Residing in the tank are a percula clown, maroon clown, coral beauty angel, a Pseudochromis and a black algae blenny. I also have several emerald Mithrax crabs, a boxer shrimp and an assortment of mushrooms. I recently added an anemone the pink tipped variety for the clowns.
The percula wants nothing to do with it; however, the maroon has done nothing but push this poor anemone around flipping upside down and dragging it around all day.
I have had the anemone now for 2 days and have resorted to building a make shift cage out of PVC grid in order to keep the clown away. Since adding the "cage" over the anemone the clown has done nothing but try to get at this thing. The fish in the tank are all well behaved and get along really well with each other.
I did notice that after adding the anemone to the tank "Norman" the maroon's fins appeared slightly shredded. Still he persists relentlessly after this anemone. What's a girl to do?? I know Maroon clowns have a nasty reputation but has not exhibited any except towards this anemone I spent a pretty penny on. I would like to take this cage out of the tank but am afraid of what Norman will do. Is this normal behavior?
I have read tons of articles and have not come across any of these behavior problems with host anemone and clowns before. When you say "pink tipped variety", this doesn't give me enough info to be of much help unfortunately. There are pink tipped Sebae anemones, which are difficult to care for, not favored by maroons, and not an appropriate choice for your tank.
Then there are pink tipped E. For the moment, given the description, and the behavior of the clown, I'm going to assume it's a Sebae, and advise you to return it to the store. Frankly, I can't imagine the maroon behaving this way towards a healthy bubble tip, but can't rule out some kind of strange anomalous behavior in that regard either.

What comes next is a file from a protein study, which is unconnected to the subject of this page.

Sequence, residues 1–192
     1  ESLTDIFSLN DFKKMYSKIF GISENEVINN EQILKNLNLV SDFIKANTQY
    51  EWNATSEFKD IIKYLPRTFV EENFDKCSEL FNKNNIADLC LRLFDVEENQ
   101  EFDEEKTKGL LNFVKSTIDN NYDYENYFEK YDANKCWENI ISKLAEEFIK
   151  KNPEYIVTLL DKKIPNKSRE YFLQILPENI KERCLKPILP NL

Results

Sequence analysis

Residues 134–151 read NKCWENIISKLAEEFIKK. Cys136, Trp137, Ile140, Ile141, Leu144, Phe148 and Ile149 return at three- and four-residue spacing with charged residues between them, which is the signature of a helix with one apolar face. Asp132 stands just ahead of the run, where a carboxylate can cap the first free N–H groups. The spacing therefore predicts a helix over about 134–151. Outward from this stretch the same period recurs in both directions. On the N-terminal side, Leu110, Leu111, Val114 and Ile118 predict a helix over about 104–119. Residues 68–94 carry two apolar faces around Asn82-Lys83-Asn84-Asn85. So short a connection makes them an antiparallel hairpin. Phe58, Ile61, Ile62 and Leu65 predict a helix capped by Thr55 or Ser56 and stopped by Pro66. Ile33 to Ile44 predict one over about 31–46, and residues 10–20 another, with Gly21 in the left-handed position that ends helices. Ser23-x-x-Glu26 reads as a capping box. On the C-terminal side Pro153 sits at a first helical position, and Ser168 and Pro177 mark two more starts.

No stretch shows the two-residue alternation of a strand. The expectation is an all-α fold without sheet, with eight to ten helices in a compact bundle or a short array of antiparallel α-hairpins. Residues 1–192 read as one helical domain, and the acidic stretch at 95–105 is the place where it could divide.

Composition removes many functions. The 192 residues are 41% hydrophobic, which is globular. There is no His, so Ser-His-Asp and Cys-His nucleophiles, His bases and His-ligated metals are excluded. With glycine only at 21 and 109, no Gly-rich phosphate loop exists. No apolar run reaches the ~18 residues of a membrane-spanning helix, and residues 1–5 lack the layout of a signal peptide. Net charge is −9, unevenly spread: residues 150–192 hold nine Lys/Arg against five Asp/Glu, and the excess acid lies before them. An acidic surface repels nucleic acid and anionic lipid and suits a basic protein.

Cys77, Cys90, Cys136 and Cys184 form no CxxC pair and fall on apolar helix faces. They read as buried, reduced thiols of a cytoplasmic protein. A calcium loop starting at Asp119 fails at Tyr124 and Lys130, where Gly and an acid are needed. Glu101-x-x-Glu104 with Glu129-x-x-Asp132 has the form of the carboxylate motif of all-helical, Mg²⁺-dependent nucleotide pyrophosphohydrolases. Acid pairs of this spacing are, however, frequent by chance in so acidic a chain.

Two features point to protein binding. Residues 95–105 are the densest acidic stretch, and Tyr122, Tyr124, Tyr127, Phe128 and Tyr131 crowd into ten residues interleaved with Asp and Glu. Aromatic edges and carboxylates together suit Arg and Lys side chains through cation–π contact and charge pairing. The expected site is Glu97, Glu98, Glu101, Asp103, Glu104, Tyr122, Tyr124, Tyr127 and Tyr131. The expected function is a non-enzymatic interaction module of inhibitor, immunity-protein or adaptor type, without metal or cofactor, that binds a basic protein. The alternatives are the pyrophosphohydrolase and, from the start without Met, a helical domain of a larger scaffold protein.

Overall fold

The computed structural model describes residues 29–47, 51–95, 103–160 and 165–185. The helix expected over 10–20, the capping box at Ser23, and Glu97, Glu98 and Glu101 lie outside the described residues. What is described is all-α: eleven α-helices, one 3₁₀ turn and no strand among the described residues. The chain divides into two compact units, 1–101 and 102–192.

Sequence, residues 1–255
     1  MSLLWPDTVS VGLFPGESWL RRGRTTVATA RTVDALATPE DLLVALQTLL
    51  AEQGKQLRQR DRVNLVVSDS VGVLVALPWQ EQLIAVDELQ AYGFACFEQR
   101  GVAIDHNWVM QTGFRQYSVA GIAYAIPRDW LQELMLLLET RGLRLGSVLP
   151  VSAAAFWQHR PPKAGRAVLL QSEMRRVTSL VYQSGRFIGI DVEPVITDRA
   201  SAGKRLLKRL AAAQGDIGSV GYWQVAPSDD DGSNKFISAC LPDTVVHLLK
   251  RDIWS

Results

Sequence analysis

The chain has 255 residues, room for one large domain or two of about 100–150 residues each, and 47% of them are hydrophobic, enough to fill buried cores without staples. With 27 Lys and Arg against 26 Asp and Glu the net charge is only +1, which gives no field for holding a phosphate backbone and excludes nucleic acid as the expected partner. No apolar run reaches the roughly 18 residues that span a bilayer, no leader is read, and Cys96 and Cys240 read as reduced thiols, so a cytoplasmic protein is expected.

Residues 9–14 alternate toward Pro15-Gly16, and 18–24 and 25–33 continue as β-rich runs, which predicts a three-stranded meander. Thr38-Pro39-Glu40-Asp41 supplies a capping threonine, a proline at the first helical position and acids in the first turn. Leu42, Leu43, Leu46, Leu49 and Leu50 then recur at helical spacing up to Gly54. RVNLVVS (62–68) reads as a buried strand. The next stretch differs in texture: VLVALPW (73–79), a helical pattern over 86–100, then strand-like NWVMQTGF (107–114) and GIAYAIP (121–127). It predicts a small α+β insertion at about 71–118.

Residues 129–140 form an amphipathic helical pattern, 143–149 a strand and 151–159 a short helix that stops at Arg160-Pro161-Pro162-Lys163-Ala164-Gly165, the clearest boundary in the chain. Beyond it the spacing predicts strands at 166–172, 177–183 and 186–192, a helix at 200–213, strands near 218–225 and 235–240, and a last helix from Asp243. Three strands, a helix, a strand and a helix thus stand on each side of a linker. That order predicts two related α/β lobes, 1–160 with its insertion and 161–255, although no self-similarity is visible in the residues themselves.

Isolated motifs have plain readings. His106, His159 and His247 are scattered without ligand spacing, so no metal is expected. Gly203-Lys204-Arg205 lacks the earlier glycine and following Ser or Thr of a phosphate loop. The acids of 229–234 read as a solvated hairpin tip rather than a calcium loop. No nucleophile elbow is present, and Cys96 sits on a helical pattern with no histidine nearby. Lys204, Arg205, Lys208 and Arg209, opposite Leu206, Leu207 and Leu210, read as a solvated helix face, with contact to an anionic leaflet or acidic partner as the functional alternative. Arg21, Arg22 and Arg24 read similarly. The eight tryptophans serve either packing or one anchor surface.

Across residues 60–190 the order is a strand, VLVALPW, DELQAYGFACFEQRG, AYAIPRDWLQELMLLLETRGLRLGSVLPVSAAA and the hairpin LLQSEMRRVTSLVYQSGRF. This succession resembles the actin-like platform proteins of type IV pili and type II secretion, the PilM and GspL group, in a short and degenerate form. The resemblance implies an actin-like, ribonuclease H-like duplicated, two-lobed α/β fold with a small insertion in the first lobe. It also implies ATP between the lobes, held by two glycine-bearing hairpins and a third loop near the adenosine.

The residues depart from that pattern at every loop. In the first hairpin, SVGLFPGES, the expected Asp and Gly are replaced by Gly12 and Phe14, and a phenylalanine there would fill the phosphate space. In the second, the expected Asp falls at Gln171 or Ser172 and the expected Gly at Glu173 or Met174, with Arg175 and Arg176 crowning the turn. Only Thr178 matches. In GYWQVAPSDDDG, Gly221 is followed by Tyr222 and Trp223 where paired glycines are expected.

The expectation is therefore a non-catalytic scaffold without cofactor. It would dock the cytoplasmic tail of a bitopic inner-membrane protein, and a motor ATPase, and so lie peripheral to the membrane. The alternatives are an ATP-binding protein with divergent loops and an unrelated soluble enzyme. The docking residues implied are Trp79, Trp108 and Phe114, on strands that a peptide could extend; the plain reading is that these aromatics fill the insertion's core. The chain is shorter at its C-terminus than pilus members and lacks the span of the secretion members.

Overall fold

Sometimes fish just do weird things. I would be willing to bet though that if you purchase a rose Bubbletip anemone assuming you have enough lightor the green variety, you will cease to have problems with your clown. As for me, I think I need an aggression counselor for my maroon clown fish! I have a gold-striped maroon clown pair and the female has become overly aggressive with my corals. She has nipped several polyps out of my Alveopora and she has destroyed a few hairy mushrooms.
She does not appear to be interested in eating corals; she just likes to rip the polyps out and spit them on the sand. I would almost say she appears angry as she watches the coral for a second, then quickly takes a firm bite out of it. Could it be that the female clown is angry that she does not have an anemone? What are your thoughts? My clown fish is doing well. The only behaviour I seem to be worried about is that he tends to like stay next to the glass and swim up and down the corners of the aquarium.
A very typical Clownfish behavior, actually! As long as he is eating, chances are there is little to worry about. Its like he wants to get out. If your tank can support another couple of clownfish, I'd give him some buddies and watch his behavior change! I had heard that the male clown fish can turn into the female to take care of the baby fish, is this true? Here again, sex change is socially controlled.
A male changes into a female only when his female partner is removed and he is joined by a smaller fish. This is called protandrous hermaphroditism. It is so full of information. I really appreciate it. I have a question about my Clarkii clowns. We have a 55 gal. The clarkii's were added together 3 weeks ago one is significantly larger than the other but both are under 2 inches to the tank with 2 thriving pacific cleaner shrimp, Yellow Tang, Kole Tang, 2 damsels, feather duster and a couple other small inverts.
And, although your question doesn't address this at all, I also hope that you have plans to move the tangs at least to a larger system in the near future assuming they're thriving and growing well.